Pay Attention to your Body Clock
Everyone has their own best time of day. For example, if I have serious work, I’ll get up early and work from 7 am to 11 am. Then I’ll take a break for lunch and some exercise. Then you can work a few more hours in the late afternoon. What time is best for you? If you’re serious about improving your English skills, set aside this time to study. Please don’t waste it watching TV, cleaning the house, exercising, or hanging out with friends. You can do that stuff anytime!
Take Study Breaks
Muscles get tired when you exercise. Then we have to take a break. Our brains are the same! When we study for a long time, we get tired. Take a brain break every 30 minutes or so. Get up and drink a glass of water. Eat an apple. Say hello to your mom or dog. Why not take a walk around the block? Put in a load of laundry. Wash the dishes. Do 20 jumping jacks. Then sit back down and keep studying. You’ll feel refreshed and able to study more effectively.
Use the Writing Process
I think most people already know this, but it would be helpful to elaborate. When writing, you can use the writing process to help you. Can be used for almost anything.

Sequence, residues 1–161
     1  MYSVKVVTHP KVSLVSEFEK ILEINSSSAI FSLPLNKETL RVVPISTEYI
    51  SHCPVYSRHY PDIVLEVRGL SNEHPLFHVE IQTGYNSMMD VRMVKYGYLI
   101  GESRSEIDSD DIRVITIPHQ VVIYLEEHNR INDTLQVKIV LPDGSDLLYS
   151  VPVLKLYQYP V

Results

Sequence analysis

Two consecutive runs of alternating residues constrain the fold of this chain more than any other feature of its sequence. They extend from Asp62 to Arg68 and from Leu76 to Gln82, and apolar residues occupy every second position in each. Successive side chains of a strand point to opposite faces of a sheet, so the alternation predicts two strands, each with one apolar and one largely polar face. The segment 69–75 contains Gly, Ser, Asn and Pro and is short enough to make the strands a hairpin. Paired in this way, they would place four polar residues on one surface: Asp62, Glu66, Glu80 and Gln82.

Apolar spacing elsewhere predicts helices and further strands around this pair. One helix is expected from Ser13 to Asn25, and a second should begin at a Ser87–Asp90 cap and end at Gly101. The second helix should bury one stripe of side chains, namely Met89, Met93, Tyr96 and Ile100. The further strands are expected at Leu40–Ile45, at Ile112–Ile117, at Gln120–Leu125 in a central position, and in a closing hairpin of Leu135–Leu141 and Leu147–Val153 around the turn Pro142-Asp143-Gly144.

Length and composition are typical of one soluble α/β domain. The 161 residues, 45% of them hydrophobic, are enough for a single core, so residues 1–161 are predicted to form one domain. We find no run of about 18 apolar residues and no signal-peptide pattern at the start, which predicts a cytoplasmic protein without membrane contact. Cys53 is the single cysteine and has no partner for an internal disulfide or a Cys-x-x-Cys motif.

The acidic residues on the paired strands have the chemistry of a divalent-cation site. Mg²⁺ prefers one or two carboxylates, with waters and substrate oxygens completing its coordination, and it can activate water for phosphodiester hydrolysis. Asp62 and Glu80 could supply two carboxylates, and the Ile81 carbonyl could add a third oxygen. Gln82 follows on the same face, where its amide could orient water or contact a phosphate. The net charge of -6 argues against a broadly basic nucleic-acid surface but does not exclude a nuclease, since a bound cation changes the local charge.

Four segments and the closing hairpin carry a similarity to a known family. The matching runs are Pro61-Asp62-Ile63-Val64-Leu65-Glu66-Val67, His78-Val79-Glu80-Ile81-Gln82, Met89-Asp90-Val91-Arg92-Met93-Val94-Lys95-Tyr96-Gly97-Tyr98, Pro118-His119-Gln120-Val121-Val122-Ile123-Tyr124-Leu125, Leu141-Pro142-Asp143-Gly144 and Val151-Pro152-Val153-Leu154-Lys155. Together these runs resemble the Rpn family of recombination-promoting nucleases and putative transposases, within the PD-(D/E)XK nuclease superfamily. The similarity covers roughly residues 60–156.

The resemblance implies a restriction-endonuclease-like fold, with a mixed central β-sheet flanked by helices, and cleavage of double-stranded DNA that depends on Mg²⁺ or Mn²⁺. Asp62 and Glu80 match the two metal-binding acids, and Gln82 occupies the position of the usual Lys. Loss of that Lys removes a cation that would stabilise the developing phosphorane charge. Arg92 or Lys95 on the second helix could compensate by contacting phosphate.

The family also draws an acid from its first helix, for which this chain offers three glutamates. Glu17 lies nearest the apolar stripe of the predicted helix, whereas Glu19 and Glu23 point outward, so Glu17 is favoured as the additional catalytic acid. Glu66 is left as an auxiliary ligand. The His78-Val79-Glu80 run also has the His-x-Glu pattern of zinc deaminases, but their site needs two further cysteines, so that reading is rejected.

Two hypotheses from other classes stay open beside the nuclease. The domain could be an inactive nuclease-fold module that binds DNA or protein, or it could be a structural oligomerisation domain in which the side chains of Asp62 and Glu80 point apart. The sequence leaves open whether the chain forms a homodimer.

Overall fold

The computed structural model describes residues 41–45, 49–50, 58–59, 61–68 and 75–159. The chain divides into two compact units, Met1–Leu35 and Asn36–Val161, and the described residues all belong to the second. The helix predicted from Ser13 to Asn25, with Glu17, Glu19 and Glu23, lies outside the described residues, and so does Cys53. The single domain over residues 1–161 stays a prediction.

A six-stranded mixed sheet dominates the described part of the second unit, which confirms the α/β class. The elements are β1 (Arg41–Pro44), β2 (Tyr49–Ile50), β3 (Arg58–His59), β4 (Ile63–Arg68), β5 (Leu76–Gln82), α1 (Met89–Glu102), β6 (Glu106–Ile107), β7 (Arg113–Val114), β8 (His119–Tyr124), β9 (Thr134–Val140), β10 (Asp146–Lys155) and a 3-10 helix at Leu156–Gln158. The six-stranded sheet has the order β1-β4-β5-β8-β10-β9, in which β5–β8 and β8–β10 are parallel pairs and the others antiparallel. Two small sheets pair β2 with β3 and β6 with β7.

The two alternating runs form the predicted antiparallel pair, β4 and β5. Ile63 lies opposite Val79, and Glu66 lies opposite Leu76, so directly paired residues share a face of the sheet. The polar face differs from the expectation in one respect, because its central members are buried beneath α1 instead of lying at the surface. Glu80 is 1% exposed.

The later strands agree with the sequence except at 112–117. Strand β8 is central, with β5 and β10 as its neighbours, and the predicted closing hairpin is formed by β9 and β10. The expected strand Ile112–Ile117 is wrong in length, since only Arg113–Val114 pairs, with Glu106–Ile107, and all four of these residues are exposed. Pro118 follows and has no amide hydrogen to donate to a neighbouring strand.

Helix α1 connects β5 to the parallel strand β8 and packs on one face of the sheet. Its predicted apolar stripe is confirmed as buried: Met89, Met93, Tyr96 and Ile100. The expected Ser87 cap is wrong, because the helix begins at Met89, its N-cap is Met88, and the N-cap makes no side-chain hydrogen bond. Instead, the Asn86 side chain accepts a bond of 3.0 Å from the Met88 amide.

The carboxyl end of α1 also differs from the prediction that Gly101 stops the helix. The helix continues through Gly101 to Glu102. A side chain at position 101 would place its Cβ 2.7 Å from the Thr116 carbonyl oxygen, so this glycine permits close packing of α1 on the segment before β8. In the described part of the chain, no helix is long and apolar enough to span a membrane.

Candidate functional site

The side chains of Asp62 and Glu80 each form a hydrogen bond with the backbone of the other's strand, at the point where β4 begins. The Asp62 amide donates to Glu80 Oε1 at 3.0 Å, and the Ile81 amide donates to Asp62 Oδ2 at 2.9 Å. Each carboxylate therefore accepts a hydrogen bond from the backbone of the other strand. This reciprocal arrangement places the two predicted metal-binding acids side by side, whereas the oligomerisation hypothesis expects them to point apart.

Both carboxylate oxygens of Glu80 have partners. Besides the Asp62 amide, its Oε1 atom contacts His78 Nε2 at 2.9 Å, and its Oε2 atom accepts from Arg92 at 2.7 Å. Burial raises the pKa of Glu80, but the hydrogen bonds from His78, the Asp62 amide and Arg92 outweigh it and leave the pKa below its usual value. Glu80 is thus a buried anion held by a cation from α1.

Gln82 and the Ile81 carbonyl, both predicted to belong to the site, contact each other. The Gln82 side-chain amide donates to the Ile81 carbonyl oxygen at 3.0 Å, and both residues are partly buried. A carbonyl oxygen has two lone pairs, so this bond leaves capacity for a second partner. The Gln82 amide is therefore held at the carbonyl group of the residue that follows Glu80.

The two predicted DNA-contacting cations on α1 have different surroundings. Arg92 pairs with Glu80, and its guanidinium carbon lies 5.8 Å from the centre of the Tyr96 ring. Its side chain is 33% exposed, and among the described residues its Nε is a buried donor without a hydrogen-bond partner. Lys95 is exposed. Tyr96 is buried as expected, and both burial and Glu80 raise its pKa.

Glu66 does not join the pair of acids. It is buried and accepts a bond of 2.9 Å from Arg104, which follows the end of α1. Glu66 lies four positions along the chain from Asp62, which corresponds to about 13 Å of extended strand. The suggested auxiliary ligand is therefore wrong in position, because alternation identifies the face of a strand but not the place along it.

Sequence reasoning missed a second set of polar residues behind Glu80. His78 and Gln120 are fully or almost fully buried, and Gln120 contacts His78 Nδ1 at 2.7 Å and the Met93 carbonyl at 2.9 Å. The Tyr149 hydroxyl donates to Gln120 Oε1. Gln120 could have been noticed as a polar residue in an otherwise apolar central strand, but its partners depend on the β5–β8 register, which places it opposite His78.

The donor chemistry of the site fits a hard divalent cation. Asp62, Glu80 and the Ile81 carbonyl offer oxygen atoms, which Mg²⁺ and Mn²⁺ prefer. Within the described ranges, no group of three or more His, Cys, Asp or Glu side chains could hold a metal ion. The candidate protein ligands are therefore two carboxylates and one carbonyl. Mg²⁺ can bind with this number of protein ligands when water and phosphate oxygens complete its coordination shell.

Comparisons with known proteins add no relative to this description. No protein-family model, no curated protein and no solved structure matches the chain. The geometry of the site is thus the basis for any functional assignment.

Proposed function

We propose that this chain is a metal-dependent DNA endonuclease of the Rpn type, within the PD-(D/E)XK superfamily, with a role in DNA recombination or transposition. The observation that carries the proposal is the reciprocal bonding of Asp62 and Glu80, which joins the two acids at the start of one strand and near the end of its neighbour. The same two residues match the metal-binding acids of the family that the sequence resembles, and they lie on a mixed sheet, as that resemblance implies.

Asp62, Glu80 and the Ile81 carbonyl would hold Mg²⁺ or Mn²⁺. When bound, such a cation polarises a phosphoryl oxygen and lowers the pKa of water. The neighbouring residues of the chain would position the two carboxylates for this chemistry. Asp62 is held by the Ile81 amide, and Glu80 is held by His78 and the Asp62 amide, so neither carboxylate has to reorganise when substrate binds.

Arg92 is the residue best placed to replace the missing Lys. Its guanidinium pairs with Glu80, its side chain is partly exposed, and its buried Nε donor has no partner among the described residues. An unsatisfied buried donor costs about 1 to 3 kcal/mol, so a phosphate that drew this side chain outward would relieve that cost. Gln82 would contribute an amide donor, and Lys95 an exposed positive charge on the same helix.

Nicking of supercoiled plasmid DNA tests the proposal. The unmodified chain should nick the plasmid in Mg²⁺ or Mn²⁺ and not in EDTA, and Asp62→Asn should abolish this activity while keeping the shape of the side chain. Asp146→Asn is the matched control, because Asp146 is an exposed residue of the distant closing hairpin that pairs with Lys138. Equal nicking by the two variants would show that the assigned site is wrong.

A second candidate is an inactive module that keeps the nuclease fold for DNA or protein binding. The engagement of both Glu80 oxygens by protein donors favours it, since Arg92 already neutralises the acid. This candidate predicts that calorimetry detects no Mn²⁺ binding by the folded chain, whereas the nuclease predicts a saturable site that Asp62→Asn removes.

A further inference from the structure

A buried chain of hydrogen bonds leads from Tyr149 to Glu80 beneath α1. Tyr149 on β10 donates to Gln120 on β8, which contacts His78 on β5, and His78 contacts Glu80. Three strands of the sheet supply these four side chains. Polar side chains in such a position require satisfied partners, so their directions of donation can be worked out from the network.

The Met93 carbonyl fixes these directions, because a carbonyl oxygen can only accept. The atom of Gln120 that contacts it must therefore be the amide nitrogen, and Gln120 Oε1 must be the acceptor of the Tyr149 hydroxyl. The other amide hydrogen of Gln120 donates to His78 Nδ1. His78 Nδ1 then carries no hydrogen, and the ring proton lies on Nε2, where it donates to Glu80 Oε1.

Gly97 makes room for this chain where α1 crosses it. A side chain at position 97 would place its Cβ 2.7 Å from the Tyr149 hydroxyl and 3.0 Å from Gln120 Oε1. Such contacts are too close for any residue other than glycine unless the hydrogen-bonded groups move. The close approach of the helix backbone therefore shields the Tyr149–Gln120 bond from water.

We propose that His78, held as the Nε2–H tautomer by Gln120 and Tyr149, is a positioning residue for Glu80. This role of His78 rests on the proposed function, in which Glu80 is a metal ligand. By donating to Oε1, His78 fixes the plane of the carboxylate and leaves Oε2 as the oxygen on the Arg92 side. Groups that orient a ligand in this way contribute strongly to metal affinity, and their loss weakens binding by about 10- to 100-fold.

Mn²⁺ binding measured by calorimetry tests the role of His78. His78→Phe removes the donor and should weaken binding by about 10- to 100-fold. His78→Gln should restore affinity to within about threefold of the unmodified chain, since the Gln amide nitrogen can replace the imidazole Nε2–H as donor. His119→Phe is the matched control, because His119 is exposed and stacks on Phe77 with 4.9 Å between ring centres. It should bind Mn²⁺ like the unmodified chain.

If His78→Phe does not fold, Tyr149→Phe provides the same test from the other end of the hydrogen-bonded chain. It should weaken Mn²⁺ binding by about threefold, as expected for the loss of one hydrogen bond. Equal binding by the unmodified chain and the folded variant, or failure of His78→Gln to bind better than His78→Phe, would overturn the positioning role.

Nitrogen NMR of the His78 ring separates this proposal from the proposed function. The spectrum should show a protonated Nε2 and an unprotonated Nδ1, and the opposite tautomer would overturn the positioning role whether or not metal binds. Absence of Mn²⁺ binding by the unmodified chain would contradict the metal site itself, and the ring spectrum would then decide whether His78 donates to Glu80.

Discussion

Step 1: Prewriting
Think about what you’re going to write. Brainstorm some ideas. Choose the best ideas and outline. The outline can be very simple or very detailed. It depends on you. However, don’t write a full sentence in the outline. Only make a few notes.
Step 2: Writing
Take your ideas and make them into sentences and paragraphs. Don’t worry about if it’s good or not. Your first draft will almost always be terrible!
Step 3: Editing
Read what you’ve written slowly and carefully. Does it make sense? Are there any errors? Steps 2 and 3 can be repeated as many times as needed.
Step 4: Publishing
Texts can be posted on the Internet, given to teachers, or emailed.
In conclusion, you'll become a writing superstar by incorporating these ten tips into your writing practice! From channeling your inner Hemingway to embracing your mistakes, you can write with confidence and pizzazz. And if all else fails, remember that emojis can be the perfect punctuation mark ???? So, grab your favorite pen, get your funky writing playlist on, and let's groove our way to better English writing skills!